* thanks to Postselfer Marianela for this Youtube clip

/screening/

tag…you’re it.

PostPostself…

I’ve been considering the development of a PostPostself portal, a spinoff of sorts — a reflection of the making process of Postself. It would consist of documentation and reflection on the process of becoming a reflective networked self (as opposed to being a non-reflective networked self). I would explore the challenges, struggles, and rewards of contemplating one’s actions and thoughts while making a project that engages with Facebook. This is very meta….yet perhaps fitting for our complex times.

[*Note: I tend to lean towards other writers who think the “post” is over with….we are posted out. So perhaps I would go with the title of Superself or Alterself, in reference to the other prefixes put forth. For now, because of the double-meaning implied with my use of “post” I will stick with it.]

For my posts on Postself, I keep a text file on my desktop where I “scribble” ideas down as they come to me – how I feel about my relationship with Fbook, what it makes me think about, etc. I date these ideas so that I can refer to them in a chronological manner when looking back on my journey. I then revisit them when I find the time to publish posts to the blog. Some of these comments extend beyond how my relation to Selfpost, and move toward an “unfolding of insights” (Irwin, 2003) about the larger network culture we exist with/in.

Self-reflexivity can be a challenge. Of course Postself is fun and rewarding, but it is quite isolating as well. You know when you have just finished reading a really great book or watching a really great film, and nobody you talk with seems to share the same enthusiasm? Immersing in Continue reading

Who pokes and why?

I don’t get it. I had my first poke experience yesterday and am left baffled...

It was from a “non-friend” but someone whom I wouldn’t mind being a Friend. I didn’t know what else to do so I poked back. If it had been someone whom I did not want to be my Friend, I simply would have avoided it. The “poker” and myself did end up confirming our FB Friendship but I’m not so sure I like how the whole transaction was initiated…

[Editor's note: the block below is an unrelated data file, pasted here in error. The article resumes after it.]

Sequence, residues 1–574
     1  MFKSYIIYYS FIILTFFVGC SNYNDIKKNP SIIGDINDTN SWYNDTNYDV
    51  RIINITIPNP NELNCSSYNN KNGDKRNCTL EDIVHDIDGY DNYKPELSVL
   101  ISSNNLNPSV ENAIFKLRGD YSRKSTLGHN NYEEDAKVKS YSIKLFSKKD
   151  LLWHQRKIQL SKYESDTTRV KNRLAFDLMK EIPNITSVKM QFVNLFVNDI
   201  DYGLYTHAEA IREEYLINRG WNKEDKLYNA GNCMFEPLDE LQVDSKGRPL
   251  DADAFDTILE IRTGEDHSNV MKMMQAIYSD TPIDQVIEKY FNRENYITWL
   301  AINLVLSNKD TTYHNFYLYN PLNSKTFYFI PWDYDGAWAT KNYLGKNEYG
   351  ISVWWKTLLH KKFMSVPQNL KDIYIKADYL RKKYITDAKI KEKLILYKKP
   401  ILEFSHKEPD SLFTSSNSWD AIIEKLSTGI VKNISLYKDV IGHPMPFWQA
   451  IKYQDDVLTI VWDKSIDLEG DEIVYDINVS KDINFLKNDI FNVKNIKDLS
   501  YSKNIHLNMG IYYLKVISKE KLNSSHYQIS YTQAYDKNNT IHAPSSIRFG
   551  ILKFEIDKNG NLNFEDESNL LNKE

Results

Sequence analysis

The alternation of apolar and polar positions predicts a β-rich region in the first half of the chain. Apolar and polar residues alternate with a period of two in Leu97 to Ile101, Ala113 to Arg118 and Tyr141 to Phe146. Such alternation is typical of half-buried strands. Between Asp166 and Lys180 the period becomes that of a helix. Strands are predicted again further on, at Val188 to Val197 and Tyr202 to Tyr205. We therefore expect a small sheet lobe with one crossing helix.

What is the deal with virtual “poking”? What is Fbook etiquette with poking and other virtual acts of giving and receiving?

In real life, you wouldn’t go up and poke someone that you haven’t been in touch with for years, would you? I guess it might depend on the kind of relationship you once had. Now that I think about it, the above said “poker” was actually the type to “poke” in real life so I guess it wasn’t all that out of character. But, then again, that was high school. On the other hand, Facebook is a lot like high school….which was one of the reasons I avoided it for four years until I forced myself to embrace it as a space for learning and expanding my networked self. Until I am confronted with the decision of whether to attend a “real-life” high school reunion, I will allow myself to be “poked”…for the sake of an authentic Postself.

What’s on your mind?

+

“Part of the disclosive dynamic of aesthetic experience is that in revealing the fore-understandings that have shaped one’s way of seeing and being, it also shows that we are the living embodiments of those structures and that what we explicitly are and might yet be as is inseparably bound up with what they might implicitly entail.”

~ Nicholas Davey, (1994). “Aesthetics as the Foundations of Human Experience”, from the Journal of Art and Design Education, Volume 13, Issue 1, pp. 73-81.

Join the Facebook page – the POSTSELF PORTAL – to stay updated on the conversation >

I go there to take a break

I GO THERE TO TAKE A BREAK
I GO THERE TO AVOID DOING THINGS
I GO THERE TO FORGET, BUT END UP REMEMBERING
I GO THERE TO REMEMBER, BUT END UP FORGETTING
I GO THERE TO GET A LAUGH, BUT SOMETIMES I AM DISGUSTED
I GO THERE TO WATCH OTHER PEOPLE
I GO THERE TO BE WATCHED
I GO THERE TO BROWSE, BUT END UP BEING TOLD WHAT I “LIKE”
I GO THERE TO CONNECT
I GO THERE TO DISCONNECT
I GO THERE FOR DIALOGUE, BUT END UP TALKING TO MY SELF
I GO THERE TO ESCAPE, BUT END UP MAKING NEW FRIENDS
I GO THERE TO PROCRASTINATE
I GO THERE TO LEARN
I GO THERE TO LOSE MY SELF, BUT OFTEN FIND MY SELF
I GO THERE TO FIND MY SELF, BUT OFTEN LOSE MY SELF

This slideshow requires JavaScript.

%d bloggers like this: